There are some mysteries that have become woven into our cultural fabric – events that captured the imagination of so many people, so quickly, that they are literally unforgettable.
The disappearance of Jimmy Hoffa definitely makes that list. In the summer of 1975, the crooked union activist vanished after telling friends that he was meeting a pair of Mafia kingpins to negotiate a political truce.
He has never been seen since, and no trace of him has ever been found.
Jimmy Hoffa, Union Activist
James Riddle “Jimmy” Hoffa was born in Brazil, Indiana on February 14, 1913. He became a union activist at a very early age and was an important figure with the International Brotherhood of Teamsters (IBT) union by the time he was in his mid-20s.
He eventually rose to the position of union president in 1957. In 1964, he successfully negotiated the first national agreement for teamsters’ rates in the form of the National Master Freight agreement. The union grew considerably under his leadership, peaking at 2.3 million members during his terms.
Unfortunately, Hoffa was also crooked, and had gotten involved with organized crime very early into his involvement with the IBT. One of his many dealings included accommodating and making arrangements with gangsters that controlled most of the era’s trucking unions in order to unify and expand them under the IBT’s direction.
He continued to make crooked dealings with various organized crime syndicates throughout his years with the IBT. He eventually faced convictions of jury tampering, and mail fraud as a result of major criminal investigations coming from the McClellan Senate hearings.
Crooked Dealings And Just Desserts
Robert F. Kennedy, the younger brother of President John F. Kennedy, was appointed to the position of Attorney General in 1961 and immediately pursued the strongest crackdown on organized crime that had ever occurred in the US. This included the formation of his so-called “Get Hoffa” squad that consisted of prosecutors and investigators devoted to bringing him down.
In 1964, they finally succeeded, convicting Hoffa of attempted bribery of a grand juror in Chattanooga, Tennessee after he was implicated by a close associate named Edward Grady Partin. He was sentenced to eight years in prison.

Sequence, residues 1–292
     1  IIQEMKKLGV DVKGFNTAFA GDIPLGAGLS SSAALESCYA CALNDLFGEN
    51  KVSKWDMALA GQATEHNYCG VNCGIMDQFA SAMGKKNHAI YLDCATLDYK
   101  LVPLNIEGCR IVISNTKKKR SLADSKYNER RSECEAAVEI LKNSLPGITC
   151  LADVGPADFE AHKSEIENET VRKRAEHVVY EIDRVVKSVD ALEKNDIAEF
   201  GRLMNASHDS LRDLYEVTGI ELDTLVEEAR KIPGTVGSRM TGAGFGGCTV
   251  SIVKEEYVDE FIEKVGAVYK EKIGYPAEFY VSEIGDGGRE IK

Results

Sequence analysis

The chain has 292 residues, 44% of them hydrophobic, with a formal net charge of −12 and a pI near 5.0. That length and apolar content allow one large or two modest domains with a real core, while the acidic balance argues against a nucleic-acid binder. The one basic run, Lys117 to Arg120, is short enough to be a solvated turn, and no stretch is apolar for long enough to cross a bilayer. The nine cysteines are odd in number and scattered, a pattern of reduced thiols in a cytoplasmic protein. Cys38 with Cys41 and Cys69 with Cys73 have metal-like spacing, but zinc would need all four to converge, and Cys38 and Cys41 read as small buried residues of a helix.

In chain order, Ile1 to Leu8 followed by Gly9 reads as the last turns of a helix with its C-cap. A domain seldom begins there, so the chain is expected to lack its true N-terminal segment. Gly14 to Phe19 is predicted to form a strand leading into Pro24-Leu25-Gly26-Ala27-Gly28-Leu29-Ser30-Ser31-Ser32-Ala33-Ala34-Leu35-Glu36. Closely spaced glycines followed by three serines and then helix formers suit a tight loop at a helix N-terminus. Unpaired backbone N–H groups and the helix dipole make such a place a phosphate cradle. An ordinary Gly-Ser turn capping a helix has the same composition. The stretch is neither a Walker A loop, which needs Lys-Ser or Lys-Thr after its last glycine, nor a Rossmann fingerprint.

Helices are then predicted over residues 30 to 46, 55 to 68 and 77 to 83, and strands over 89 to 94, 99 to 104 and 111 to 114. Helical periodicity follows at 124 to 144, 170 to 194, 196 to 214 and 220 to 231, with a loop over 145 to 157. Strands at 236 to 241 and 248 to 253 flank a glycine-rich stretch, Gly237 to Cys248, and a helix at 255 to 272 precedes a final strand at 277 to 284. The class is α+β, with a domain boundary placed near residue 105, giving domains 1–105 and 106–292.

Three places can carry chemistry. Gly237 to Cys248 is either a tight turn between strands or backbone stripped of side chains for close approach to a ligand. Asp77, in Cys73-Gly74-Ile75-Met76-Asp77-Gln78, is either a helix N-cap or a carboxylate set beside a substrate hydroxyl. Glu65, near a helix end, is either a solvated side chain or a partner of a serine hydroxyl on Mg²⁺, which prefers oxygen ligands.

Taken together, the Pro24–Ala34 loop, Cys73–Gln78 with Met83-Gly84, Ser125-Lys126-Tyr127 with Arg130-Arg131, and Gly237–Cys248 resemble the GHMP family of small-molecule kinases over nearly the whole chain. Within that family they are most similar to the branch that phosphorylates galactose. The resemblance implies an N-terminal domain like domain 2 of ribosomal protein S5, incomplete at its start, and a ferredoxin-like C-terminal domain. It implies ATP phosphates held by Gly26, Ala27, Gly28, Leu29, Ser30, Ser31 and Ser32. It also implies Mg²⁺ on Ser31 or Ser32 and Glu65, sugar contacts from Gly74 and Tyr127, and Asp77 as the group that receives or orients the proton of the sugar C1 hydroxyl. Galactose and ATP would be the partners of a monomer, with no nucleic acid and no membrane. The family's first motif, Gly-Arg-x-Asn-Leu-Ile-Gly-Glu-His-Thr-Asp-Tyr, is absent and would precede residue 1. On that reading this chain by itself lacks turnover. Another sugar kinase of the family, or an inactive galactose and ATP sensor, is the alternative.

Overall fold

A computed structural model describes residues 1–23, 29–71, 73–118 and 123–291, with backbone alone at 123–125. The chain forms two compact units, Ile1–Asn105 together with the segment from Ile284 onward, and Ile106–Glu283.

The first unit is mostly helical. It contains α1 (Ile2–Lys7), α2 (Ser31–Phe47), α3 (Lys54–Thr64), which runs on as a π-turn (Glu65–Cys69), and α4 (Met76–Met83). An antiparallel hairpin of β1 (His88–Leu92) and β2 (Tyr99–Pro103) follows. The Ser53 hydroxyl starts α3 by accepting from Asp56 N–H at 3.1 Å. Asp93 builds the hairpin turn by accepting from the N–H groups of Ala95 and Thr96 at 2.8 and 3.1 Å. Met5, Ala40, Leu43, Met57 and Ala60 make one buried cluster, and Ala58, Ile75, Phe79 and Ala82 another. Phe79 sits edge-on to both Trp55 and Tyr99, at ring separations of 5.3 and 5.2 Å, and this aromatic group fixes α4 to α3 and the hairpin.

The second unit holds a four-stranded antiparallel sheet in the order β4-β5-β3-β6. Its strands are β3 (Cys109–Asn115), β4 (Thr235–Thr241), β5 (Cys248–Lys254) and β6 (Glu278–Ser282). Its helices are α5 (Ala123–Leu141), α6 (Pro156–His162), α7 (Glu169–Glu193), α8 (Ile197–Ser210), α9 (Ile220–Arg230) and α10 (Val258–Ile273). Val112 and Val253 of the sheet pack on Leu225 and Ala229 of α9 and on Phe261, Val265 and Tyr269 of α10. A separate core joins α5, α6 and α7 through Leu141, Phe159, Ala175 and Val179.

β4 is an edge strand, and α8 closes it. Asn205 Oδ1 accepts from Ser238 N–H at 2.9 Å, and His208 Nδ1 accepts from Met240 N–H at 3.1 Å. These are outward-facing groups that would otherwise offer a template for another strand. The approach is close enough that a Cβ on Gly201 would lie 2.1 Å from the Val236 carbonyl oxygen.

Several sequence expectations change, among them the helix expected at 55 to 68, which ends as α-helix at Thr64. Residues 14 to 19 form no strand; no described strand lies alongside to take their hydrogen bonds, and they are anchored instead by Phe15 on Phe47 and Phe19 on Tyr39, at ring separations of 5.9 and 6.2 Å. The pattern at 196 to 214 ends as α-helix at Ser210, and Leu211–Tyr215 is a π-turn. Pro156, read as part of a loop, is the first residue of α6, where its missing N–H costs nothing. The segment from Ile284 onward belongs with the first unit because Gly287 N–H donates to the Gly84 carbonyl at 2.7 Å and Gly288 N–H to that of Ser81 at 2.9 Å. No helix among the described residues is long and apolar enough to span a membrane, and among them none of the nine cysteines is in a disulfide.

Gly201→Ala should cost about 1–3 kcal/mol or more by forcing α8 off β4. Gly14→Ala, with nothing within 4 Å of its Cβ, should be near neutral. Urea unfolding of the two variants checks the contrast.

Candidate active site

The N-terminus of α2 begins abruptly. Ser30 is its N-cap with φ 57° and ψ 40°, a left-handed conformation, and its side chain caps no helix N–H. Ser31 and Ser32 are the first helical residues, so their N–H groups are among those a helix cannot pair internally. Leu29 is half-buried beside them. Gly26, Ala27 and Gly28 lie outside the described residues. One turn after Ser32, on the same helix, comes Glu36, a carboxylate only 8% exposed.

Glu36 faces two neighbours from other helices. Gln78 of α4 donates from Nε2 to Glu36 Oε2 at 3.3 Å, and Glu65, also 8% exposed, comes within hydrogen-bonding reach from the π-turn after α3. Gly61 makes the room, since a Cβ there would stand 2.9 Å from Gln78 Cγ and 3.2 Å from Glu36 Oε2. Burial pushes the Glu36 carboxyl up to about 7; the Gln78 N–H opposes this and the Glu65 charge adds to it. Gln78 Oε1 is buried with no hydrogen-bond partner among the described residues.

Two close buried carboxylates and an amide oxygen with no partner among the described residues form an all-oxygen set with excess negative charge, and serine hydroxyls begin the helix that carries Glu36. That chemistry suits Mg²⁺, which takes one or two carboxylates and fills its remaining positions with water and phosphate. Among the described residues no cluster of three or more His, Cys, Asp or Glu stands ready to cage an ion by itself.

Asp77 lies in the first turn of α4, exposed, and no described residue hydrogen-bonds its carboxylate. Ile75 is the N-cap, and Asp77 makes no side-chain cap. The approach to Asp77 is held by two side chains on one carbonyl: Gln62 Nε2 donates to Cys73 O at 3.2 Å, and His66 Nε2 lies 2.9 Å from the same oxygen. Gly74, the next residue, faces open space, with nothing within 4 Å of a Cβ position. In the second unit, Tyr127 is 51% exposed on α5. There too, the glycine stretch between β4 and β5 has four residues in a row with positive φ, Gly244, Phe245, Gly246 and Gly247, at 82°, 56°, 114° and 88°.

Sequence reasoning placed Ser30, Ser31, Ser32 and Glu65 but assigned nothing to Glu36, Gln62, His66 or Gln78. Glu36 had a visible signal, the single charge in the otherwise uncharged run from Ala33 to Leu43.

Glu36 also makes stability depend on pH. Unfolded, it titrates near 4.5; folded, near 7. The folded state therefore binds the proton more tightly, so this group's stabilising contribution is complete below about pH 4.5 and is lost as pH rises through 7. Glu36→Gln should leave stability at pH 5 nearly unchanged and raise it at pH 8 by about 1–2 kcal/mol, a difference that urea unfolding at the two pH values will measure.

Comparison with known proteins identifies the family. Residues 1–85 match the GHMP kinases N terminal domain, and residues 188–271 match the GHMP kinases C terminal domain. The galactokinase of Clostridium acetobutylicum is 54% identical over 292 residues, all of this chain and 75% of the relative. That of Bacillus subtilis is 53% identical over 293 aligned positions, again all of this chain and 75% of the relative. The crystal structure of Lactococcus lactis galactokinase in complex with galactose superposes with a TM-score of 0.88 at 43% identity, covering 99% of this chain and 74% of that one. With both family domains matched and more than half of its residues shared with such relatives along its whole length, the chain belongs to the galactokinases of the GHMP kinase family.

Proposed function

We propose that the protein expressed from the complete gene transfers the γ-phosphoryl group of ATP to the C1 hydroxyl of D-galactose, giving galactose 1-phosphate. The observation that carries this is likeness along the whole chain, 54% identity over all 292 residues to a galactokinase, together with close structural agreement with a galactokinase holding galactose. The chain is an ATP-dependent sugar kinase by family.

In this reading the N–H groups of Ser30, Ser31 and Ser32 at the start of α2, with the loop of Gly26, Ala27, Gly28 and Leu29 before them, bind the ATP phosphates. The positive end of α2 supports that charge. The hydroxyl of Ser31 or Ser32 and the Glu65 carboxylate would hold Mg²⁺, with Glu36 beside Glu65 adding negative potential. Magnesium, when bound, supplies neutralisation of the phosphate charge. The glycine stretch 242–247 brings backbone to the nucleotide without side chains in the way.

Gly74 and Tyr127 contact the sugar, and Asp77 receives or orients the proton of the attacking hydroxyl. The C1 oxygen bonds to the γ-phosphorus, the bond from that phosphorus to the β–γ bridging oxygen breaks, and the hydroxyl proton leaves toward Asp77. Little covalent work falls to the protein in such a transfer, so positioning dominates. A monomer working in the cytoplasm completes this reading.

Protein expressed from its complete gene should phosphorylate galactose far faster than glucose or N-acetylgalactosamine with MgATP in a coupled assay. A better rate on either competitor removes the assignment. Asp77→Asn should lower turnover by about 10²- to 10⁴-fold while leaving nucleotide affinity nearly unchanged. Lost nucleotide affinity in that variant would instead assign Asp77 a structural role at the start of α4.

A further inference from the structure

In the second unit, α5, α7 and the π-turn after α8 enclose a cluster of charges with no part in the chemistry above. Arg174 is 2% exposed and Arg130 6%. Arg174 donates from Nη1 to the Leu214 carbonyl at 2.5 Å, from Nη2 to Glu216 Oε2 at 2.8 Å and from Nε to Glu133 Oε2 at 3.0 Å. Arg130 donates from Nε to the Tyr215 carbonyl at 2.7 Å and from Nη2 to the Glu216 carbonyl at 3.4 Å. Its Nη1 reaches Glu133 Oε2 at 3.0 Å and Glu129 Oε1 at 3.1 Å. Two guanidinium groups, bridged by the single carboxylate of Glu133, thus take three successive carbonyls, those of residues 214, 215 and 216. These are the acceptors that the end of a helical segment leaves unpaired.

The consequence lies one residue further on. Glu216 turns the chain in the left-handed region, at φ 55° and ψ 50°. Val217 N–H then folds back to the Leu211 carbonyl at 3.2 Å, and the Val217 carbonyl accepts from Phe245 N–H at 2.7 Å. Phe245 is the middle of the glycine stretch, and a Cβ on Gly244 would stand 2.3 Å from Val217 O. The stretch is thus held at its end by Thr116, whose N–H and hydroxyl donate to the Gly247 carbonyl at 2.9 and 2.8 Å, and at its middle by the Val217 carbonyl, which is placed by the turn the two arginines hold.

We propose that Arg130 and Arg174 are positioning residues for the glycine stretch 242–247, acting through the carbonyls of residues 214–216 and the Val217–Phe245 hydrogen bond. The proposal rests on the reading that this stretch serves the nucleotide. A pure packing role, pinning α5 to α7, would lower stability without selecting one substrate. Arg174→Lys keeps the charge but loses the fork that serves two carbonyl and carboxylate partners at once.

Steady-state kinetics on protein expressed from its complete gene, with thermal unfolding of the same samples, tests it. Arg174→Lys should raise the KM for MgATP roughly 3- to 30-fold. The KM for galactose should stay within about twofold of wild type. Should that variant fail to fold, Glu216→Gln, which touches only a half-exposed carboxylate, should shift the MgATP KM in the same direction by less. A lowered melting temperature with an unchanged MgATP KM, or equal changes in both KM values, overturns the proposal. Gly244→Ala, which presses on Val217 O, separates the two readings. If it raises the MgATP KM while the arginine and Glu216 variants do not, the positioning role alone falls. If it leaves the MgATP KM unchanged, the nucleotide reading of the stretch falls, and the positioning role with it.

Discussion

The same year, Hoffa was convicted of fraud after it was discovered that he had illegally arranged loans to multiple prominent organized crime figures using the Teamsters’ pension fund. He received a five-year sentence that was set to run consecutively to his bribery sentence.
He spent three years unsuccessfully appealing these sentences before being sent to prison in 1967 at the Lewisburg Federal Penitentiary in Pennsylvania. During this time, he published his first book, The Trials of Jimmy Hoffa in 1970.
On December 23, 1971, Hoffa was released when President Richard Nixon commuted his sentence to time served. Rumors flew that Hoffa had made a deal with Nixon – in exchange for his release, the IBT endorsed Nixon’s re-election bid in 1972, despite having supported mostly Democratic nominees before that point. It was also alleged that Nixon had been paid a very large sum of money, perhaps even one million dollars.
Despite these allegations, Nixon also prevented Hoffa from engaging in any union activities until 1980. Hoffa fought ferociously against this, even suing to try and invalidate the order, but he never managed to get it overturned before his disappearance.
Jimmy Hoffa disappeared on July 30, 1975 from a Red Fox restaurant in Bloomfield Township, a suburb of Detroit, Michigan. He had told multiple other people that he was meeting with a pair of Mafia leaders named Anthony Giacalone and Anthony Provenzano to negotiate some sort of political truce.
Provenzano was another Teamster leader from New Jersey and had been close to Hoffa earlier in his career. He was the national vice-president with IBT from 1961, during Hoffa’s second term as president. Despite these very close ties, Provenzano was now a vocal enemy of Hoffa, even going so far as to threaten to kidnap Hoffa’s granddaughter.
Despite this, Hoffa had approached him in 1973 and 74 to ask for support while he tried to regain his power. Provenzano refused and threatened Hoffa even more, saying that he would “pull out his guts” as well as hurt other members of the Hoffa family. These threats were not to be taken lightly – people who had spoken against Provenzano in the past had been assaulted, and two political opponents were believed to have been murdered by him or his associates.
In the days before the disappearance, Anthony Giacalone and his brother Vito had made three visits to Hoffa’s home in Lake Orion, and one to the Guardian Building law offices. According to them, they wanted to arrange a “peace meeting” between Provenzano and Hoffa. Hoffa’s son, James, believes that this was only a pretext to lure Hoffa so that they could “set Hoffa up for a hit.”